I think it's just dandy that Carell and the rest of these spoiled actors just screwed their production crew out of the last paycheck they might have seen for awhile. It's fine not to write to show solidarity, but to refuse to shoot completed scripts is nothing more than petulant displays of ego and power. Wonder how the production crews are going to pay their bills, since they've been laid off without pay.

Actually "Two and a Half Men" and "The Big Bang Theory" were shut down first. They went dark Monday morning as per the wishes of their Exec. Producer Chuck Lorre.

Kim, my husband works on The Office and neither him nor I am upset with Steve's decision. We feel that if all the lead actors of currently shooting shows and movies would follow in his example, the strike would end in a second. Celebrity SAG members carry much more clout than writers. Sure, we are worried about paying the bills, but we prepared for this possibility. And, sometimes, money isn't everything- whatever happened to old fashioned principles?

Great job Steve. This speaks to the real power of creative genius that
will hopefully bring NBC to its knees...and the reruns are playing on TBS.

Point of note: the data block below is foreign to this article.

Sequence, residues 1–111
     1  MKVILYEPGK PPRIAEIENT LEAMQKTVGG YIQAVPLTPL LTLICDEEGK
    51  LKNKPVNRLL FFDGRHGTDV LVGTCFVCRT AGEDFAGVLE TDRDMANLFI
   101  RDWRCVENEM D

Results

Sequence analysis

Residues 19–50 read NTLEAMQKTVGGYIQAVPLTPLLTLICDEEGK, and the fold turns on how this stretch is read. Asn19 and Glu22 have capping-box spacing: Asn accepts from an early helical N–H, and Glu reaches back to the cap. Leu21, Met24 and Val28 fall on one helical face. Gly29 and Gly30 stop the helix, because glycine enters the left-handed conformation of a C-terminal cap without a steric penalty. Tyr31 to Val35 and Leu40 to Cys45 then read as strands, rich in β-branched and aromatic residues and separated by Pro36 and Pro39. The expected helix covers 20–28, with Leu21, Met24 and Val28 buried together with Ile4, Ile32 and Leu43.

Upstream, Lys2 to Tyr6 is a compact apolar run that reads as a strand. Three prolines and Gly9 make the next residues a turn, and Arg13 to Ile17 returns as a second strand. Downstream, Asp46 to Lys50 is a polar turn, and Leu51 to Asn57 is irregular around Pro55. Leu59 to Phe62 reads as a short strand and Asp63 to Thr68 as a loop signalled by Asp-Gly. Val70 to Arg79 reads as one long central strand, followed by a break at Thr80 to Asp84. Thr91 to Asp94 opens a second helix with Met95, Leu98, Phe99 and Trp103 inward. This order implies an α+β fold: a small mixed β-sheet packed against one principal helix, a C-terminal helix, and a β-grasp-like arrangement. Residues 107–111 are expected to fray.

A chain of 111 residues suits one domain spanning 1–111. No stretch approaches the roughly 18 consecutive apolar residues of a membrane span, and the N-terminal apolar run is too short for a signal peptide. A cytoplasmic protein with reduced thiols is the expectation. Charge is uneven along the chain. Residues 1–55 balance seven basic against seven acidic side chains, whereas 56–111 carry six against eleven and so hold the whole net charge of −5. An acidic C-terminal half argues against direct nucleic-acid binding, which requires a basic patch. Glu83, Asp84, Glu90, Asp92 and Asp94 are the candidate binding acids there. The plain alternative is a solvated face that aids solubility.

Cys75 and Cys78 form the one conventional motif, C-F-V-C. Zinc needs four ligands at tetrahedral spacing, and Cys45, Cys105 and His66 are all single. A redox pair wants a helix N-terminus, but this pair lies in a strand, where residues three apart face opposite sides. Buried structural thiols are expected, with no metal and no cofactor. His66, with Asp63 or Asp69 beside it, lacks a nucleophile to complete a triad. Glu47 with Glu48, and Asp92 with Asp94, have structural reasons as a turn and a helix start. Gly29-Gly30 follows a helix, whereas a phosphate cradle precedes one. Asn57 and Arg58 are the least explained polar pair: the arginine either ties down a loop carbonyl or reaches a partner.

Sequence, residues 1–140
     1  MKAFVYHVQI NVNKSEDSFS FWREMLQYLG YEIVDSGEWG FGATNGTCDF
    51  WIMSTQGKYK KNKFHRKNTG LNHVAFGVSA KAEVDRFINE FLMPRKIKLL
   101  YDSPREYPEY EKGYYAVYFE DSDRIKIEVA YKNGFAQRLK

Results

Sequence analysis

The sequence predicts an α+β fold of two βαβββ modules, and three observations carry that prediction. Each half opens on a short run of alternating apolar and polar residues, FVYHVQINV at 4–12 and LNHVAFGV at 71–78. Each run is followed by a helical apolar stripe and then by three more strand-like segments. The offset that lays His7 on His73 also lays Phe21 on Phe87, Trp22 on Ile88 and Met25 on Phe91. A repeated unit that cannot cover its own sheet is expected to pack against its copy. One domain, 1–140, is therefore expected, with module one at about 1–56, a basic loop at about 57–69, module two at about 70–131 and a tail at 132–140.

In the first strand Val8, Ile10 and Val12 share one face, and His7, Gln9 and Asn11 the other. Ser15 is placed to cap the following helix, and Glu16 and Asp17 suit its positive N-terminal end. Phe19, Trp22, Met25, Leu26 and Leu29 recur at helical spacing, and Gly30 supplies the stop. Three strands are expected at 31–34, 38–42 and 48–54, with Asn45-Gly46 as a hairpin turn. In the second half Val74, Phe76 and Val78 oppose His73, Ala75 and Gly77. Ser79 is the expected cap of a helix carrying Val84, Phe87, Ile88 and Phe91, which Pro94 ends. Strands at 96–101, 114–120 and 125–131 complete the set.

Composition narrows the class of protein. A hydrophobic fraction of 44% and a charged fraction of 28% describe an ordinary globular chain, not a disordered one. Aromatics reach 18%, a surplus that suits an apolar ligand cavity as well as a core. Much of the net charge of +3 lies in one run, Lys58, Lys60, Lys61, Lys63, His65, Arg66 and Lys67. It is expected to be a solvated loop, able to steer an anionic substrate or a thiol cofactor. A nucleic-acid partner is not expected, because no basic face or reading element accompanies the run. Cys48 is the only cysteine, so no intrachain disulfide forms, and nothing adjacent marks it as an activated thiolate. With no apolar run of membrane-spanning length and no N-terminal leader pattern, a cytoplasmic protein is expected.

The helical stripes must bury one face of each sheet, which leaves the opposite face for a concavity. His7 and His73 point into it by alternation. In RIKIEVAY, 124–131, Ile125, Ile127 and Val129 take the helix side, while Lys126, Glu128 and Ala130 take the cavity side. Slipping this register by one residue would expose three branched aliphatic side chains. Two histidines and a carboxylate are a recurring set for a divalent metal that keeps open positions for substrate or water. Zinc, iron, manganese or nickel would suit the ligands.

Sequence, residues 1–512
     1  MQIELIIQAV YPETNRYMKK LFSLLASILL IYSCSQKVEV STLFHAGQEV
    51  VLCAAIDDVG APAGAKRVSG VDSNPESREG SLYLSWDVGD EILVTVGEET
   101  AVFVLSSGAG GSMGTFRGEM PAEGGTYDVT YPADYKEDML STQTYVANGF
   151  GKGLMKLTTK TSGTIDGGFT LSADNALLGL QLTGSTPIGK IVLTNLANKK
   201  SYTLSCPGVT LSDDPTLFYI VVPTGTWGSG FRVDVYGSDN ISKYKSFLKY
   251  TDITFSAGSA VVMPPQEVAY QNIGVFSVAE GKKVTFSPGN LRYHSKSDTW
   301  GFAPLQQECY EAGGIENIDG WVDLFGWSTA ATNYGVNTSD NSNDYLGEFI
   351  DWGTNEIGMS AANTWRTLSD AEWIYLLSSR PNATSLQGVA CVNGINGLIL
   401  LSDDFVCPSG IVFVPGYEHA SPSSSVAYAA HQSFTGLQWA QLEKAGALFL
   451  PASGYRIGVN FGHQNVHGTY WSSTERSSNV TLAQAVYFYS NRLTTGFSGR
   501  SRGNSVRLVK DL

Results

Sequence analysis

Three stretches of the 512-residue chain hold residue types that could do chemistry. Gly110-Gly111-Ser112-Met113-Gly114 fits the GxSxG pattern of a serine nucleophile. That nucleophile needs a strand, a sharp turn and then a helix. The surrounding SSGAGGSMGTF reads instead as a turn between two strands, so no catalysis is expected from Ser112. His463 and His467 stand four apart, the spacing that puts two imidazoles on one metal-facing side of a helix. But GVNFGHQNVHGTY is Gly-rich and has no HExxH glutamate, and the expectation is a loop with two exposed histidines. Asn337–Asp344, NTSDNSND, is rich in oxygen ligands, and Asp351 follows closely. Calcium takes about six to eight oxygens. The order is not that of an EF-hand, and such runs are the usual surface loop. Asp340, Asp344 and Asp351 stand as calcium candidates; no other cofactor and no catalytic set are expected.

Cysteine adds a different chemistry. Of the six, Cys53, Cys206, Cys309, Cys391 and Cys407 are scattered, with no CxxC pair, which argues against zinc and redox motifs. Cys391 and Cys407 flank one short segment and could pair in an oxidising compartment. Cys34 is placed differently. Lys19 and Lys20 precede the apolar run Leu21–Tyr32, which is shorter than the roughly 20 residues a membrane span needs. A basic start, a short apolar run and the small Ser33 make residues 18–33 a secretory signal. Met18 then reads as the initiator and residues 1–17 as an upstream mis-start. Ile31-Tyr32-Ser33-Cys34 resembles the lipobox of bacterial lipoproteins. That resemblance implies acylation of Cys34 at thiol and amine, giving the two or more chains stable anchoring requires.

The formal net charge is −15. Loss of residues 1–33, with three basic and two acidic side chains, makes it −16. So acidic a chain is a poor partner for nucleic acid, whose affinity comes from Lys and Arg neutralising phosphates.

the average WGA member makes $5,000 a year - including residuals - not thousands an episode. fair pay is worth it, and unions are the only way to go.
shame on you for bashing anyone who wants to work.

An Open Note To "Tony"

You honestly think that writers make an average of over 200K a year? Are you kidding me? You obviously don't know any actual writers, so sell your chicken and shut you mouth. Jerk. Do you realize that the studios want to pay writers NOTHING for programming aired on the Internet? NOTHING. Can you get it through your thick, jealous, wasting-my-life-blogging skull that in five years, people are ONLY going to be watching TV through the Internet? Do the math. That's we're fighting over. We'd like a little more than "nothing" down the road when the internet becomes the primary delivery vehicle of entertainment.